An intervention program in Providence, R.I., uses a digital word counter to track language use in families, in an effort to close the “word gap” between children from low-income and affluent families. NYT Photo
Here is a really interesting piece in the New York Times: Trying to Close a Language Gap, Word by Word. It covers a program in Providence, RI which aims to close the vocabulary gap between the children of the poor and wealthy. They use a device to count the number of words a parent speaks to their child, then they analyze the data with the parents and go over ways to increase positive language use: narrating activities, singing, games and even just finding opportunities for ordinary conversation.
The article profiles a Guatemalan family in Providence, noting that it doesn't matter if the language in the home is English or not. The goal of the program isn't to analyze English proficiency, it's to analyze the number of words being spoken in the household, in any language. Which is good - it recognizes that the Spanish spoken the this family's home is of value to the daughter.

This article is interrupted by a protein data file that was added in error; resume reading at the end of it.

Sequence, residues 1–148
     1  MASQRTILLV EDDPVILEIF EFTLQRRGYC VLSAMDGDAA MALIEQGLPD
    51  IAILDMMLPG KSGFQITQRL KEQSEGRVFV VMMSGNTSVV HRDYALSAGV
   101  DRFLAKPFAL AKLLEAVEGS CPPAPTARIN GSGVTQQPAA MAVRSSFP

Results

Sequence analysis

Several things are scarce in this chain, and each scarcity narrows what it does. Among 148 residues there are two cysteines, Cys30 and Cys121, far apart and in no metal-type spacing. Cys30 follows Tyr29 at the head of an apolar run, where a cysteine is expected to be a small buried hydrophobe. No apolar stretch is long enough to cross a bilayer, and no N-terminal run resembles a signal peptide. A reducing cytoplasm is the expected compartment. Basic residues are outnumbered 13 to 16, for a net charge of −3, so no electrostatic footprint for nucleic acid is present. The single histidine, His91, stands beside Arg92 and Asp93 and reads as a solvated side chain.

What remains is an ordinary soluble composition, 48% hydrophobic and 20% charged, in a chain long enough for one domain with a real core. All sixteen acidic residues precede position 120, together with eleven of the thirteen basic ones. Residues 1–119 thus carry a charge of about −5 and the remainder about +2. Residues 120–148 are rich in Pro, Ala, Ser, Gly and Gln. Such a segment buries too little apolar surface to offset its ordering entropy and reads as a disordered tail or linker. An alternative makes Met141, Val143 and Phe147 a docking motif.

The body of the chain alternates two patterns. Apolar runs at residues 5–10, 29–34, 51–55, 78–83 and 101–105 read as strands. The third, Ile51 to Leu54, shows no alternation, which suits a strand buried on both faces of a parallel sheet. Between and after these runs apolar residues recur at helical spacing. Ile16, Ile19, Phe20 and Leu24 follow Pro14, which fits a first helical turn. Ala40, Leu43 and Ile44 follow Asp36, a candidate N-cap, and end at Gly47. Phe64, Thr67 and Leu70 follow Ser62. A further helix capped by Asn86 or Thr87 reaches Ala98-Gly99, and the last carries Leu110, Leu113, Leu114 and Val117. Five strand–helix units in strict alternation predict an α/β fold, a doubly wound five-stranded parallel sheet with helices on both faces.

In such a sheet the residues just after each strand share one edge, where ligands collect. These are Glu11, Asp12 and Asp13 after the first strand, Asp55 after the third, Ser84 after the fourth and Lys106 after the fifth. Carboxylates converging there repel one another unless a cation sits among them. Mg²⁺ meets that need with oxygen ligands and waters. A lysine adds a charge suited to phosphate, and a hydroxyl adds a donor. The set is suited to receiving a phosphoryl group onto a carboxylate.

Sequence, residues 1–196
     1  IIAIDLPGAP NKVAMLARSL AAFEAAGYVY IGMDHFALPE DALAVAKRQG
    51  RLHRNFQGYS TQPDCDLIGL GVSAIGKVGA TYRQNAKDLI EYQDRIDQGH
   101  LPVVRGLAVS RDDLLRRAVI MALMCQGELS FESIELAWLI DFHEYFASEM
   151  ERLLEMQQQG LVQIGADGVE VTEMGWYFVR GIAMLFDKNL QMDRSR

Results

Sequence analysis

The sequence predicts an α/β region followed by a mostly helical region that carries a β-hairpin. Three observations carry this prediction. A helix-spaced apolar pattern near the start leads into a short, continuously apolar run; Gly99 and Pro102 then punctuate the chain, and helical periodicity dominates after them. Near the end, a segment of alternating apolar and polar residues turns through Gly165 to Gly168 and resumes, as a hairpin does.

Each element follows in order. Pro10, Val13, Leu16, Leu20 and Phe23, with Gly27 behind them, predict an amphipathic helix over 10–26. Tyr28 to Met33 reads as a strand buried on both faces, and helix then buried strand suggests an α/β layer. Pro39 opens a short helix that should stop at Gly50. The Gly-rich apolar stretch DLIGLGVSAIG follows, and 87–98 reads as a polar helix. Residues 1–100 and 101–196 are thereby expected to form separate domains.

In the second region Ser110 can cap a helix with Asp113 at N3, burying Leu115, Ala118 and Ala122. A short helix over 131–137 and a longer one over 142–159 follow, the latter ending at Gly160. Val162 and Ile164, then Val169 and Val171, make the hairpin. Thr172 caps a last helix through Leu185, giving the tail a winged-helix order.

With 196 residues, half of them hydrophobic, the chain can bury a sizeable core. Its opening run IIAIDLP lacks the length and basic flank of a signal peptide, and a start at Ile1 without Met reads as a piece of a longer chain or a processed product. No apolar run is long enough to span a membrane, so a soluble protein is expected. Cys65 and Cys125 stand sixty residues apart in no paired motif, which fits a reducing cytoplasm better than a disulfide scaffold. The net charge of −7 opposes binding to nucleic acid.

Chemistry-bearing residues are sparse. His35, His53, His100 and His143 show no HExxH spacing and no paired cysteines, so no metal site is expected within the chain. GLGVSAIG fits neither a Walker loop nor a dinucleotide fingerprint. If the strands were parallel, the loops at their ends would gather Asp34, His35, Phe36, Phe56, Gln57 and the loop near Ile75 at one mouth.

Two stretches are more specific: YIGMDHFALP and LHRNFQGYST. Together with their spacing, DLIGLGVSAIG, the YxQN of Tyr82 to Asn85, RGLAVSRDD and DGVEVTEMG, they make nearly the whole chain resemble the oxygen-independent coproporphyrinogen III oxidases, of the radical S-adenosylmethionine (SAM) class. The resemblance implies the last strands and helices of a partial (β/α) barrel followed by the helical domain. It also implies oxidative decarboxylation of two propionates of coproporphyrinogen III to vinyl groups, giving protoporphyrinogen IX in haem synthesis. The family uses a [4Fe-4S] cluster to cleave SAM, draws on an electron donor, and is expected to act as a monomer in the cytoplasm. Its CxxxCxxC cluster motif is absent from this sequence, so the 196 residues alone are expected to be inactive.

The article reminded me of the This American Life episode about the Harlem's Children Zone. The intro to that episode gives a good summary of the kind of research findings that went into the Providence Talks program. It would be an interesting listen/read for those interested in language aquisition and the lifelong impact it has. Transcript Here: This American Life: Epidsode 364
The comments under the NYT article are interesting too. Some people find the program a great way to act on the research about the impact of language-use in the home. Others found it condescending to the poor, as if they don't know how to speak to their own children already.